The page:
This weekend I decided to visit the Exe Valley Fishery in North Devon, after speaking to James at Exeter Angling. He assured me that although relatively small in size Exe Valley fishery would provide me with some excellent sport on light tackle.  Sounding like my kind of place I loaded up the Turbo Wagon and set off early Saturday morning.

Exe Valley Fishery has been hatching and rearing fish on a large scale for more than 110 years. As well as the hatchery / smoke houses it is the home to Nick Hart Fly Fishing and the Hart Fly shop. Nick Hart is an extremely accomplished fly fisherman and a AAPGAI casting instructor which you can benefit from by taking up one of his fly fishing courses.

The location of the fishery is probably one of the best I have seen. The River Exe forms part of the fishery boundaries giving you a great view of the Exe bridge and a chance to see many of the wild fish rising (which can be fished for on a separate permit).  The walk to the main lake takes you over a small stream running adjacent to a series of houses with beautifully landscaped gardens.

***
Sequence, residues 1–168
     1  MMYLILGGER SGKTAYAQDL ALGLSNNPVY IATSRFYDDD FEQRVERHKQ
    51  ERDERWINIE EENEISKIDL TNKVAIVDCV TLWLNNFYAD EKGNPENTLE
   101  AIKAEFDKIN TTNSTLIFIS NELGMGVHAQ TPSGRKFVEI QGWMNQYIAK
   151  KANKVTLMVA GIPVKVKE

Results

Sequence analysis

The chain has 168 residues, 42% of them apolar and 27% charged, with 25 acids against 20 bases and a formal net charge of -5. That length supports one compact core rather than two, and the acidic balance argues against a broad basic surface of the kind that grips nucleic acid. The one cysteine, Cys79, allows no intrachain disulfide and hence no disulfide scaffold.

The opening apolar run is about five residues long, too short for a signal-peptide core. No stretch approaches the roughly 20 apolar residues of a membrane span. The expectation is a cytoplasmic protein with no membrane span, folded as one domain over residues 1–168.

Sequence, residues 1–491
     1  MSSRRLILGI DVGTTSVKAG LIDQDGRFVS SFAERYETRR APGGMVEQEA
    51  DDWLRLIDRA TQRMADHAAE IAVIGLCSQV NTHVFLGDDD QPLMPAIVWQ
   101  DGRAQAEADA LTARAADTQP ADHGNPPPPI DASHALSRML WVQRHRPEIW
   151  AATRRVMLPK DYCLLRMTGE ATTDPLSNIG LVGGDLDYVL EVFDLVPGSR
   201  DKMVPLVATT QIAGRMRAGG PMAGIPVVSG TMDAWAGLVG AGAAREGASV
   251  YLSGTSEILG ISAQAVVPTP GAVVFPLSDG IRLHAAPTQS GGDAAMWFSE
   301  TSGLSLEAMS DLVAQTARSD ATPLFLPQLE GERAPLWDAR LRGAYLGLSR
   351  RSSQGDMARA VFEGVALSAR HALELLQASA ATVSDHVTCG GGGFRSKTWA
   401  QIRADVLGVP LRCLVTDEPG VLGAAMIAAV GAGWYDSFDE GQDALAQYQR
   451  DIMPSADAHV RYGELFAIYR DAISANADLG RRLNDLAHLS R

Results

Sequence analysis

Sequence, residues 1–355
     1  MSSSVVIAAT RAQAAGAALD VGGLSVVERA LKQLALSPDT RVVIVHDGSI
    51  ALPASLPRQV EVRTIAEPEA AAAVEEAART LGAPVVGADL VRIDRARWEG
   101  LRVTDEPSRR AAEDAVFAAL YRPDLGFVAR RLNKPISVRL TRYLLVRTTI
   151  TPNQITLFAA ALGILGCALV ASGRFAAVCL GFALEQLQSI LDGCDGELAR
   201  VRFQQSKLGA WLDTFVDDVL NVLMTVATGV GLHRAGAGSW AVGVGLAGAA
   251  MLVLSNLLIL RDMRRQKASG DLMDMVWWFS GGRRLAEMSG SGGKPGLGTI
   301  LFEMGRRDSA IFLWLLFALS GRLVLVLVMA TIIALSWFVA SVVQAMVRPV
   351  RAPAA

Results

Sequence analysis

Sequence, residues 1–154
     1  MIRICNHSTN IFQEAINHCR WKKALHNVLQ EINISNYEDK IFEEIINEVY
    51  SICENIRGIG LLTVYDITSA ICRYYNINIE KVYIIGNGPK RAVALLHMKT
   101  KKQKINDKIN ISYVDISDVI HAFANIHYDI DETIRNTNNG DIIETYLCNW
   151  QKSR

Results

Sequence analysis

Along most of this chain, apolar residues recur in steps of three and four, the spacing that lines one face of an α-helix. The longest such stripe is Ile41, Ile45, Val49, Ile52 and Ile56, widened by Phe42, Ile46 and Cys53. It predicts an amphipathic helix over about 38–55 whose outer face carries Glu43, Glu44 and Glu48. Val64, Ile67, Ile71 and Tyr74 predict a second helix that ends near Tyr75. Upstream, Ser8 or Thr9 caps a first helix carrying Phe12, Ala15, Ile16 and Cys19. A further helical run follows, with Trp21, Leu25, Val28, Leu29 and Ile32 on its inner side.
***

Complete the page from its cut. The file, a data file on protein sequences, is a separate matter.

Exe Valley Fishery

Exe Valley Fishery- On route to the main lake

Exe Valley Fishery

Exe Valley Fishery- On route to the main lake

Before fishing I took a walk around the main lake and was pleasantly surprised by the clarity of the water and a very interesting feature. The lake is supplied by a fast flowing small stream through a channel at the shallow end of the lake. This creates conditions very similar to that of a river and a number of nice fish could be seen sat in the slack waters next to the faster flowing water waiting for food to come their way. This ‘flow’ continues across almost 1/3rd of the lake until the water deepens. Having such a high rate of water flow should mean that the fish benefit from the higher levels of oxygen and should be of quality in terms of taste and fight.

Exe Valley Fishery - Stream supplying water to the main lake

Exe Valley Fishery - Stream supplying water to the main lake

Exe Valley Fishery - Interesting lake feature

Exe Valley Fishery - Interesting lake feature